This week’s Hangout guest is Paul Ramsey of OpenGeo and chair of the PostGIS steering committee. We’ll be talking about PostGIS (surprise, right?), why spatial databases are treated as special and why OpenGeo has been successful providing solutions using open source software when clearly anyone can download all the software for free.
Apparently Apple thought they could release their own version of a mapping solution where it integrates Yelp and other 3rd part services into something that helps people find the best coffee shop near them and then navigate there. Humans, used to how Google does things, were very unhappy. I used the new Maps.app to find the new Togo’s (yes they finally came back to Phoenix) and then navigate there. Worked awesome, but clearly YMMV. I’m sure you as I are already sick of the Apple Maps “news”, but read Marc Prioleau’s article on Apple. Well worth your time.
Well, welcome to the mapping world, Apple. I wish them the best of luck, as an iPhone user but also as someone who really wants them to succeed. We need more options, not fewer. But today’s debut performance wasn’t the result of that team not trying. If Apple wants to be one of the Big Three map platforms, they’re going to need to get serious.
Steve and I talk about deCarta/Google patents, NoSQL, the shapefile being awesome, and why you need to know more than just being a GIS professional. Plus Steve fell out of his chair when I said I was going to URISA.
We just released TileMill 0.10.0, the latest version of our open source map design studio. This release redefines the creative possibilities for web cartography with its new support for compositing layers and features, achieving photoshop-like clipping, masking, blurring, or highlighting. This powerful set of compositing operations can be used seamlessly across vector and raster layers all using pure CartoCSS. The compositing now possible in TileMill, in combination with image patterns or raster hillshades, can enable effects of uniqueness and beauty that go beyond was has previously been possible.
Someone needs to create a CartoCSS importer for ArcGIS to free their users from those crazy tabbed cartography preference windows. Actually, I can only imagine the headache to create such a tool, just move to TileMill for your cartography.
As nice as chocolate and peanut butter turned out, sometimes you just don’t want someone else’s API putting raisins in your oatmeal cookies (yes raisins are the work of the devil). Amazon, who has their own mobile platform, has made sure the shriveled up Google Maps API does not have to be used by their developers.
You may have noticed a new API on the Amazon Mobile App SDK tab in the developer portal. When we announced Kindle Fire HD, we also made the Amazon Maps API available to our developer community. The Amazon Maps API makes it easy for you to integrate mapping functionality into apps that run on the all-new Kindle Fire and Kindle Fire HD. These new devices will also support location-based services through the android.location API.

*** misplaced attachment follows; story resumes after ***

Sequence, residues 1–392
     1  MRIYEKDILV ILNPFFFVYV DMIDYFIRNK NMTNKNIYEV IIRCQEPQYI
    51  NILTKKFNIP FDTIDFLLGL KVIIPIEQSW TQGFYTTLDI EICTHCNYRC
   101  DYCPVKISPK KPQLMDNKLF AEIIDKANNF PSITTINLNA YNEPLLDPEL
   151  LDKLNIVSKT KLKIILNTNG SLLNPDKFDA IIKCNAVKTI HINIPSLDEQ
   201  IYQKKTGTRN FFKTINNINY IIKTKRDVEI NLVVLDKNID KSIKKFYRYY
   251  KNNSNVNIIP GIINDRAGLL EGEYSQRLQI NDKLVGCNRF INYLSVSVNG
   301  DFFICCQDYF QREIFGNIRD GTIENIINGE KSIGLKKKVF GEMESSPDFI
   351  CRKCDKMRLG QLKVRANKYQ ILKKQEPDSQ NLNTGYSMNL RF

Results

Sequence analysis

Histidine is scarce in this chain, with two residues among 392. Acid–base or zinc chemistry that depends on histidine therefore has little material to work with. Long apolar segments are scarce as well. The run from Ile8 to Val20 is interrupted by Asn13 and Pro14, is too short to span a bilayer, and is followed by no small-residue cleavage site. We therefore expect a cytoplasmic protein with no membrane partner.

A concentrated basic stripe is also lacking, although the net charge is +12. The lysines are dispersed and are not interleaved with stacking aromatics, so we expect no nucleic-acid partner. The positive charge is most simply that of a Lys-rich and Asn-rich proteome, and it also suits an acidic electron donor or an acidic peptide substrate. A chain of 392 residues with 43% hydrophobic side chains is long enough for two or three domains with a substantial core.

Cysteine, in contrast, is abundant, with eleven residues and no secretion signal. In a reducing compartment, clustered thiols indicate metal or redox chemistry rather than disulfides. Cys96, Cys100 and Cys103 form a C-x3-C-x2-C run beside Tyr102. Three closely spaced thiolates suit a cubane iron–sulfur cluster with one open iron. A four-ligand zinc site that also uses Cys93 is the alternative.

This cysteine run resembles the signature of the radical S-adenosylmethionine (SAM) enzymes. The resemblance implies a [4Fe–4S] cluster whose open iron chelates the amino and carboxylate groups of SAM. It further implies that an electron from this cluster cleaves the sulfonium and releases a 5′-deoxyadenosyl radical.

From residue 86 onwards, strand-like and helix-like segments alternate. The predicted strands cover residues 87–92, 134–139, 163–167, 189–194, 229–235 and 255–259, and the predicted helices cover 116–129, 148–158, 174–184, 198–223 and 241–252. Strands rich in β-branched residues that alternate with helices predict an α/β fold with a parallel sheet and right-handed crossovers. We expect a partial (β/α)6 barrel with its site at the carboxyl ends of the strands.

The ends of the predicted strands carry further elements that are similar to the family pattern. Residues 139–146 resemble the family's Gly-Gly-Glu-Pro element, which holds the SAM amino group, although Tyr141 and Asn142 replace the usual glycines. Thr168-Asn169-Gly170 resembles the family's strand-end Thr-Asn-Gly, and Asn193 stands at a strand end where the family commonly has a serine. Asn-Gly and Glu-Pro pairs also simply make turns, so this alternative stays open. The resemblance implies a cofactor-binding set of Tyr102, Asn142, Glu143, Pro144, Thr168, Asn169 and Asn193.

I’m not going to apply to see their beta because I have zero use for yet another mapping API. That said as the Amazon Mobile platform becomes larger, developers are going to be looking for these APIs. We can expect this to look like Nokia’s mapping API given that Amazon chose Nokia to provide their mapping technology. Nook aside, every mobile phone/tablet platform has their own mapping API now. Amazon has been on fire (pun intended) lately and I can assure you the moment that Amazon gives these Kindle Fire devices free to Amazon Prime customers, I’ll go ahead and take it.
I don’t see this having much impact on Apple/Android given they both have pretty much solidified themselves as the top two platforms. The “also-rans” of Microsoft, Nook, Blackberry, and possibly whatever is left of PalmOS are now going to have to battle a 3rd platform (Kindle) that is well supported by it’s owner and is innovating at a great pace. I’d suspect Nokia will make more money off providing mapping to the Kindle platform than they will selling their own phones.
Spatial isn’t special, but it sure has it’s own API.
You see in this world there’s two kinds of mobile platforms, my friend. Those with mapping APIs, and those who dig. You dig.
There is a small change this week to the hangout. First off the commenting has bothered all of us since day one. YouTube comments are almost worthless and Disqus has issues. So from today forward, we are going to use IRC to manage the discussion. When you visit the Hangout page 15 minutes before the show, you’ll see the web IRC client appear. This will allow you to join the new Hangout IRC channel, #hwjf. Of course you can also just add this to your own IRC client. Just point it to chat.freenode.net and join the room #hwjf. This should make it much easier to have a discussion with everyone.
The second change is we have no guest this week. I thought it might be fun to take a week off and just talk shop, hence the “clever” title. As there is no set topic this week, we set up a Google Moderator thread where you can propose and vote on topics. I encourage you to post a question and vote up. Feel free to vote up this one!